It is difficult to confront the spectre of climate change without a sense of incipient doom. At times this existential malady seems best personified in Jean-Paul Sartre’s play Huis Clos (No Exit), in which three condemned characters, incarcerated in hell, face an eternity in which to contemplate their sins. Ghastly looms an infinity without purpose. Loathsome indeed are the spiteful goads and self-righteous pontifications of their fellow inmates. But no less intolerable are their self-incriminating recollections of deeds forever done, of opportunities forever lost. Their penitentiary is a space plagued by the anomie of self-disgust and the inescapable evaporation of meaning. All that is left is the anticipation of an endless absence:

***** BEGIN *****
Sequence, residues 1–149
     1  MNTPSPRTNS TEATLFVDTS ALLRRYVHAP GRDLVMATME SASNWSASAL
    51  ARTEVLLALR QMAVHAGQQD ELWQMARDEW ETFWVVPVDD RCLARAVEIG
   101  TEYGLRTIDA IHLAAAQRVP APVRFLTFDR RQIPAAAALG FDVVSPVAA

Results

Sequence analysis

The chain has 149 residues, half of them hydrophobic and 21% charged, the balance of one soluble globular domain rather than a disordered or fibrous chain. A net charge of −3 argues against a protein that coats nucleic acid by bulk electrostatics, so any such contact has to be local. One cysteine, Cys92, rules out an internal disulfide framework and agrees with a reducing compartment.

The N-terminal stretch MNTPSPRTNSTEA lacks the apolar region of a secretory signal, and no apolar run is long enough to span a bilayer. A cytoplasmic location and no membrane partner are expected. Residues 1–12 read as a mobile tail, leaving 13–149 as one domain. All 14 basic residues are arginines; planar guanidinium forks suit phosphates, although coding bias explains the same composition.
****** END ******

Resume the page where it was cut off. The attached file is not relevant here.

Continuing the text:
GARCIN: How about you? Aren’t you afraid? INEZ: What would be the use? There was some point in being afraid before, while one still had hope. GARCIN: There’s no more hope – but it’s still ‘before’. We haven’t yet begun to suffer. INEZ: That’s so. Well? What’s going to happen? GARCIN: I don’t know. I’m waiting. Yet this waiting for something to happen is itself symptomatic of absurdity. Ejected out of temporal schemes that provide coordinates for human existence, they are left teleologically and epistemologically bankrupt. There remains only empty and identical ‘tomorrows’. Trapped in time’s abyss, they are reduced to waiting for nothing. In The Great Derangement: Climate Change and the Unthinkable, Amitav Ghosh addresses our similarly uncanny predicament under delinquent, ‘deranged’ modes of political and socio-economic organisation. Known as an acclaimed author whose fiction has addressed climatic rupture, Ghosh here takes up the role of analyst and storyteller. Climate change, as his title recognises, only too clearly demonstrates the systemic lunacy inherent in our present world arrangements. As in Huis Clos, we are compelled to become the wardens of our own prison, guardians of an empty future. Devoid of ethical purpose, the future is forfeited to the whims of the market, ceded to the nihilism of economic growth. Instead of exhibiting an unfolding sequence of delimited events that function in the service of a progressive ‘universal history’, the planet is the stage on which the spectacle of human incoherence is playing out. In Part One, ‘Stories’, Ghosh critiques the limitations of the ‘literary novel’, which aims to exhibit the vagaries of ‘individual moral adventure’. The turn inwards in modern fiction mirrored the turn towards commodity fetishism. As realist literary fiction has explored the complex inflections of human experience, it has assumed the existence of a stable climate and an unlimited flow of resources to fuel the bourgeois regularities inscribed in its narratives. Ghosh contends that the contemporary novel, using narrow scales of time and space that rarely exceed more than a human lifespan, is not only neglectful of climate change but is partly complicit in the dissociation of the mind from the vulnerability of its corporeal situation, since it rarely allows the climate to violently intrude upon the habitual routines and ordinary concerns it prefers to portray. He therefore calls for a heightened imaginary response to climate change, although one can question whether fiction can do much to remedy political and economic intransigence – perhaps if enough people read it? Image Credit: Sawyer Glacier, Tracy Arm Fjord, Alaska, USA (Ian D. Keating CC BY 2.0) Part Two, ‘History’, unintentionally exemplifies the historicised mind caught in a world that keeps historicising itself: a situation in which history is constantly made obsolete but remains the faulty technology on which human beings depend to make things make sense. The historicised mind automatically concedes priority to history and stipulates the pre-eminence of historical knowledge and periodisation. Hence, Ghosh’s ample use of terms such as ‘arc’, ‘trajectory’, ‘pattern’ and ‘process’. His attempt to comprehend climate change by necessity aligns with every other effort to do so: one must outline a historical narrative of how we came to be where we are – without history’s categories, remember, the historicised mind couldn’t make sense of anything. Certainly, Ghosh tweaks the emphasis of his narrative, attributing more weight to imperialism than is usual, but the result is much the same – yet another incarcerating historicisation. Caught in this historicised mentality, Ghosh uncritically employs the term ‘Anthropocene’ (the ‘age of man’) as a colloquialism for climatic crisis and terrestrial destruction. More precisely, this name signifies a new geo-historical epoch pending disciplinary ratification. Using it commits Ghosh to a narrative of incremental human expropriation of the planet. Unfortunately, it also means that he absurdly renders ‘every human being who has ever lived’ culpable in producing climate change, with an undifferentiated ‘humanity’ made universally responsible. More importantly, the Anthropocene is the latest historicisation that makes human existence itself a thing of the past. By definition inescapable, it is a managerial contrivance that both confirms and facilitates planetary incarceration. The horror of the gaol, of being trapped by history, pervades it. Illustrating the condition by which human agency is denied any real potency even while at the centre of planetary affairs, he claims that: the events of today’s changing climate, in that they represent the totality of human actions over time, represent also the terminus of history. For if the entirety of our past is contained within the present, then temporality itself is drained of significance… History is terminal, ultimately, because it renders us incapable of exceeding it. Unsurprisingly, Ghosh is waylaid by history at every turn, ‘entrapped’ by it. His ruminations on ‘the chronology of global warming’ not only evince the redundancy of historical knowledge, but induce paralysis. For, after noting the ‘complexity of the history of the carbon economy’, he leads us to a conclusion in complete conformity with his historicising strategy: ‘our lives and our choices are enframed in a pattern of history that seems to leave us no-where to turn but toward our self-annihilation’. This is precisely the dilemma of the historicised mind ensnared in a self-incriminating historical situation: history always does, in the end, leave one stranded exactly where one already is. Always it comes too late to make any difference. History now cements the antiquation of homo sapiens itself. In Part Three, ‘Politics’, Ghosh condemns the narrow bandwidth of political concern. Riven by quarrels over identity, squabbling over the sincerity of individual moral performance, holding personal liberty in the highest regard, contemporary politics has little to no capacity to properly address ‘the commonweal’: to engage in collective action for the sake of survival. Bluster, denial and grandstanding obstruct the wrenching political and moral transformations required, and which continue to be delayed. Lurking behind phantasies of untrammelled individual agency, climate change is eroding conceptions of unassailable human dominion over the earth and forcing us to dispense with the possibility of universally achieving the accoutrements of bourgeois life. This conception of human flourishing into which we have been beguiled is consuming itself. Yet the ‘masters of mankind’ (as Adam Smith called them), following their ‘vile maxim’ of self-enrichment, have long abrogated their responsibility to enact real change. Human existence is set up to contribute to the fossil economy, hence to perpetuate ecological malfunction. The horizon of future possibility recedes. In proffering a vague hope in the ‘sacred’, that ‘religious worldviews’ might inspire mass movements that transcend individualism and the nation-state, one feels that Ghosh is left beseeching a deus absconditus (a hidden God) to bail us out of gaol. Well perhaps, but religious theology frequently considers catastrophe a product of divine will or a sign of impending apocalypse – the latter is itself the means through which the loyalty of the faithful is vindicated. Nor do the religious appear to be much less enveloped in the consumer economy or nationalistic thinking than anyone else: these can complement doctrinal injunctions, as the so-called ‘prosperity gospel’ demonstrates. To his credit, however, Ghosh doesn’t simply advocate a technocratic ‘fix’: a rebooting of the technosphere (e.g. through geoengineering) that would avoid the need for unpleasant ideological and material sacrifice. This admirable book is the latest testament to the limits of contemporary thought and language, to the frustration of human cognitive power over a world we thought we knew. Deranged indeed, but also incrementally dispossessed, we have become the disinherited of Rainer Maria Rilke’s remark, finding that ‘each blind lurch of the world leaves its disinherited, to whom no longer the past nor yet the future belong’. Yet is this contingency of meaning not our mortal fate? Is not mortality – of ideas, of people, of worlds – itself our only means of renewal? Those who seek a permanent, unchanging ‘end’ should remember that as it is in hell, so it is in heaven. Both outcomes are equally meaningless: not least because you can never leave. Alexandre Leskanich read history, philosophy and political theory at the universities of Leicester, Edinburgh and the London School of Economics and Political Science. He is currently a PhD student in the department of Modern Languages, Literatures, and Cultures at Royal Holloway, University of London, researching the political and philosophical ramifications of the ‘Anthropocene’ as a contested categorisation in planetary history. Note: This review gives the views of the author, and not the position of the LSE Review of Books blog, or of the London School of Economics.